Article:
But government business case weakens after costs increase
The high-speed rail line to the north of England will generate £19.6bn of construction contracts, according to government’s the latest business case for the £43bn project.
The updated business case, published this week, said £3.8bn of the contracts would be in tunnelling; £7.7bn in civil engineering; £4bn building stations, depots and stabling; and a further £4.1bn on railway systems.
It also estimated the project would create over 24,600 full time equivalent jobs in construction and that there would be further jobs in the supply chain.
However, the report also revised down the expected benefits of building the line to Manchester and Leeds, with the latest figures showing that for every pound invested there would be £2.30 of benefits, down from the £2.50 of benefits estimated in August last year.
The benefits from the first phase of the line from London to Birmingham remain £1.70 for every pound spent.
The study said that the £43bn project still met the government’s criteria for “high” value for money.
But it said increases in the budget for the scheme, announced in June, and a reduction in the value of business travel time in the government’s modelling, had dented the economic case for the line.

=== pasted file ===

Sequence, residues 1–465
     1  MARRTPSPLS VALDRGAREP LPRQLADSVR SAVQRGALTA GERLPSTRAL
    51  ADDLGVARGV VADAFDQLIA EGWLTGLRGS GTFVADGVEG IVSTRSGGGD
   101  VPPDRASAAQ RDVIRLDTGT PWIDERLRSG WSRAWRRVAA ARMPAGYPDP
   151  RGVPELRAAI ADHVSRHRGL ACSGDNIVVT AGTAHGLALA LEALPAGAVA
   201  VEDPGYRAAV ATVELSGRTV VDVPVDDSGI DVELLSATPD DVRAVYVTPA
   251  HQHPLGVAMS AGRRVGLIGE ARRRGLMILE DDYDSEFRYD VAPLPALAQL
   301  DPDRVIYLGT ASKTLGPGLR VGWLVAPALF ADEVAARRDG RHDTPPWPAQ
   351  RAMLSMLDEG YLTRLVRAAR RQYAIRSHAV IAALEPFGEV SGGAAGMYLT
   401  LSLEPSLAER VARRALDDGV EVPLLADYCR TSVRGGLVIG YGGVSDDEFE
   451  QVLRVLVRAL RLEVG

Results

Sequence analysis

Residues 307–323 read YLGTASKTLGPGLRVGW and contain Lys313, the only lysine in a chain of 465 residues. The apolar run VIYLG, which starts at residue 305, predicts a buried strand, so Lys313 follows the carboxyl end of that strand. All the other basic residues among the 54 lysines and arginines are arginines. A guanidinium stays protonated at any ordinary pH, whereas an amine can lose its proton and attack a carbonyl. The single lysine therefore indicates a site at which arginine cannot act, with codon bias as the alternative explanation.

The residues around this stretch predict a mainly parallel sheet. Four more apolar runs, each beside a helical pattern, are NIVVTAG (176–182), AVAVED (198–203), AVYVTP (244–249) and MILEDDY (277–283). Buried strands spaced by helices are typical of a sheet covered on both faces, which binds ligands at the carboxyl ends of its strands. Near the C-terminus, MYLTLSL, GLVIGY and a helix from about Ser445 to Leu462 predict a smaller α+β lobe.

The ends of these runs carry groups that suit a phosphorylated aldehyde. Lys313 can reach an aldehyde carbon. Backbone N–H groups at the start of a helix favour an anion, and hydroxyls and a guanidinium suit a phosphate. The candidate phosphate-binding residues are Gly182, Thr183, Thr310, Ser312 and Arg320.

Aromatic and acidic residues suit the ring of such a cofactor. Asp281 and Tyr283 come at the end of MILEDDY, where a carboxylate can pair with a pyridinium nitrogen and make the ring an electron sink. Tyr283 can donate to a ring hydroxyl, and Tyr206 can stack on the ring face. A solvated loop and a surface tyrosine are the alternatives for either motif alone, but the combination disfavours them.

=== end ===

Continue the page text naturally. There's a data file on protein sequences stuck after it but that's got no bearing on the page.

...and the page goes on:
The report comes amid increasing political pressure on the £43bn HS2 project, with Labour warning that it could withdraw its support for the project if the budget spirals out of control.
Transport secretary Patrick McLoughlin said HS2 was the “radical solution” needed to tackle capacity problems on the railways.
He added: “A patch and mend job will not do – the only option is a new north south railway. HS2 brings massive benefits to the north, is great for commuters and the alternatives just don’t stack up.
“Now is the time to be bold and deliver a world class railway which Britain deserves and can truly be proud of. Future generations will not forgive us if we fail to take this opportunity.”
Dave Darnell, UK rail sector director at WSP, said the rail disruption caused by the storm was “a poignant reminder of just how fragile our congested rail network is and how heavily we rely on it”.
“HS2 will give us more capacity not only for extra journeys but also flexibility to strengthen this vital asset without widespread disruption,” he said.
“If the alternative, many years of delays and cancellations for much less benefit, is an option we’re prepared to take, we may have to get used to this level of chaos more often - especially as extreme weather is expected to become more frequent.”
Meanwhile, a report, prepared by consultant Atkins for Network Rail, published alongside the government’s business case, warned that scrapping plans for HS2 and focusing instead on upgrades to existing rail lines could lead to 14 years of weekend closures.
The report found that the east coast mainline, midland mainline and west coast mainline would require 2,770 weekend closures (144,000 hours of work) if they were to be improved so they could replace the intended capacity of HS2.